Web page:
Send the link below via email or IMCopy
Present to your audienceStart remote presentation
- Invited audience members will follow you as you navigate and present
- People invited to a presentation do not need a Prezi account
- This link expires 10 minutes after you close the presentation
- A maximum of 30 users can follow your presentation
- Learn more about this feature in our knowledge base article
Transcript of THE TUATARA
BY KAITLYN ZOLADZ
HABITAT & BIOME
The tuatara only exists in rat-free islands off of New Zealand. Some well-known homes to the tuatara are Zealandia, Cook Strait and the Brother Islands. The biome that houses the tuatara is the chaparral biome. The average temperature is 33- 100 degrees Fahrenheit, while the average rainfall is 10-20 inches.
APPEARANCE & LIFE CYCLE
Tuataras can range anywhere from a tan to a light pinkish color. They also have a crest running from head to tail. Male tuataras can live over a hundred years, but it takes 20 years from birth for both genders to become fully mature. The female tuatara can lay 12-17 eggs in one clutch. However, the eggs gestate for 12 months and take 15 months to be incubated before hatching.
STATUS AND REASONS
The tuatara is listed as endangered. This is because of the introduction of the Kiore, or Polynesian Rat. The Kiore feeds on the already slow reproducing tuatara's eggs, thus killing the next generation. The tuatara was first listed as endangered on June 2, 1970. Today, tuataras are completely extinct from New Zealand's mainland.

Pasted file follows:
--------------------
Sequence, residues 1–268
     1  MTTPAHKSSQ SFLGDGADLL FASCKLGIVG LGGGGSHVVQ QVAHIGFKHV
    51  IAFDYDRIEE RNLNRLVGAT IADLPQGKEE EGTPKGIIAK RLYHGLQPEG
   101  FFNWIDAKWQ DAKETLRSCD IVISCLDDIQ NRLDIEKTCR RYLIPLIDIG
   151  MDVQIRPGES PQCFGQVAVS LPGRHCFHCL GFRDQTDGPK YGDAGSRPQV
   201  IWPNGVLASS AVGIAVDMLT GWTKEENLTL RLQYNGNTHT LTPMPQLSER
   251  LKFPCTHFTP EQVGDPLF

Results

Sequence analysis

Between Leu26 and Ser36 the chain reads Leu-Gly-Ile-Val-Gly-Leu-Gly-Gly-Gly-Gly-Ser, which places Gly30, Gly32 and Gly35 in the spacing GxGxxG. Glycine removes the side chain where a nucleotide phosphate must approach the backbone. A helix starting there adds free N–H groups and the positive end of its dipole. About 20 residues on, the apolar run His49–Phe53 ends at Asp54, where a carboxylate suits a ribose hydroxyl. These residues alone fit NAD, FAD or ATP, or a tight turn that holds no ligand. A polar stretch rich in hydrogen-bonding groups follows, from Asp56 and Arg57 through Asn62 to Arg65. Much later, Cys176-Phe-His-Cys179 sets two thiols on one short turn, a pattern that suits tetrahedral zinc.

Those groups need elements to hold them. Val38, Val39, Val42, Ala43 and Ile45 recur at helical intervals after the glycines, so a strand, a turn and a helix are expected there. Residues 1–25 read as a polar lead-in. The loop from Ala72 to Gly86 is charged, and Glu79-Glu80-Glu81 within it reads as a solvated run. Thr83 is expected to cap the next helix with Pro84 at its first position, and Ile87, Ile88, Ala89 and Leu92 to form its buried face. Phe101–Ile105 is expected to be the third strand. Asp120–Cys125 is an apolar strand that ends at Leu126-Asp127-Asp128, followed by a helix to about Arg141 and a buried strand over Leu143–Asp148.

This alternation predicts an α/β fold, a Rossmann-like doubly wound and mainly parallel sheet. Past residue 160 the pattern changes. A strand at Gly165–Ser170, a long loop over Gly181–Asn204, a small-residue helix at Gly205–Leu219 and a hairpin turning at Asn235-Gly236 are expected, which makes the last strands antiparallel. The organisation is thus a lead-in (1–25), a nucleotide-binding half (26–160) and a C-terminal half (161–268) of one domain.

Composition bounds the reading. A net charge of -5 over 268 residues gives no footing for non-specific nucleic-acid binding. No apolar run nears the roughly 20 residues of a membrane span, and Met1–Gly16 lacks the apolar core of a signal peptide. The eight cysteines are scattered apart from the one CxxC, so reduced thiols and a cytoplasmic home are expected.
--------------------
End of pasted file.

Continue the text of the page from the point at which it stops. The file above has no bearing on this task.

The tuatara is an organism from the kingdom Anamailia, phylum Chordata, class Reptillia, order Rynochocephalia, family Sphenodontidae, genus Sphenodon, and its species is punctatus.
It is a reptile, but it is not a lizard. This is because of its bone structure.
In conclusion, tuataras are and extraordinary, miracle of science and we should do everything we can to save them.
ONCE THEY'RE GONE, THEY'RE GONE FOREVER.
Predation & Diet
The tuatara's diet mainly consists of insects, due to it's unique "teeth". When the projections wear down it must resort to eating grubs. Therefore it is an insectivore. The tuatara is preyed upon by mammalian predators.
Tuataras can drop their tails when threatened to distract predators.
They also have a third eye that is belived to sense light to tell the time of day.
Tuataras, similar to sharks, and other reptiles, have a nicitating membrane that moistens their eye.
Young tuataras are diurnal to avoid cannibalistic, nocturnal adults.
We can save the extraordinary species by
continuing breeding programs and eradicating
/relocating Kiores. We can also prohibit taking
tuataras out of the wild without a scientific